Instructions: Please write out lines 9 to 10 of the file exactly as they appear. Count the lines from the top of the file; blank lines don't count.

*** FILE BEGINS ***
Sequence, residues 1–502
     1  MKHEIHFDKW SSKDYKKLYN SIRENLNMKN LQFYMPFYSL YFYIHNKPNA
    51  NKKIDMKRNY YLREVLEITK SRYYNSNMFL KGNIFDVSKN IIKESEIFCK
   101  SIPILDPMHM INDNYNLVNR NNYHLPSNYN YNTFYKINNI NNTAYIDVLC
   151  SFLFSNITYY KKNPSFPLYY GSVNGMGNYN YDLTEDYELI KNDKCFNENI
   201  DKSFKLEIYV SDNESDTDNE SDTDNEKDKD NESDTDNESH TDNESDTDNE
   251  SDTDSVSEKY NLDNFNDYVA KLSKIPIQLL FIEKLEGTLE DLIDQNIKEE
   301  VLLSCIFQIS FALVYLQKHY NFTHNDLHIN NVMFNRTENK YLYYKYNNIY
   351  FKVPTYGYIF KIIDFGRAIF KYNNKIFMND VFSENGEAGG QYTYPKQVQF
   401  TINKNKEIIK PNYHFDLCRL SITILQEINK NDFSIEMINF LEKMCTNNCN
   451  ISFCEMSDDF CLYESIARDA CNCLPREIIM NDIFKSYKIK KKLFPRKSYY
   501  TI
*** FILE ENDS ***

   351  FKVPTYGYIF KIIDFGRAIF KYNNKIFMND VFSENGEAGG QYTYPKQVQF
   401  TINKNKEIIK PNYHFDLCRL SITILQEINK NDFSIEMINF LEKMCTNNCN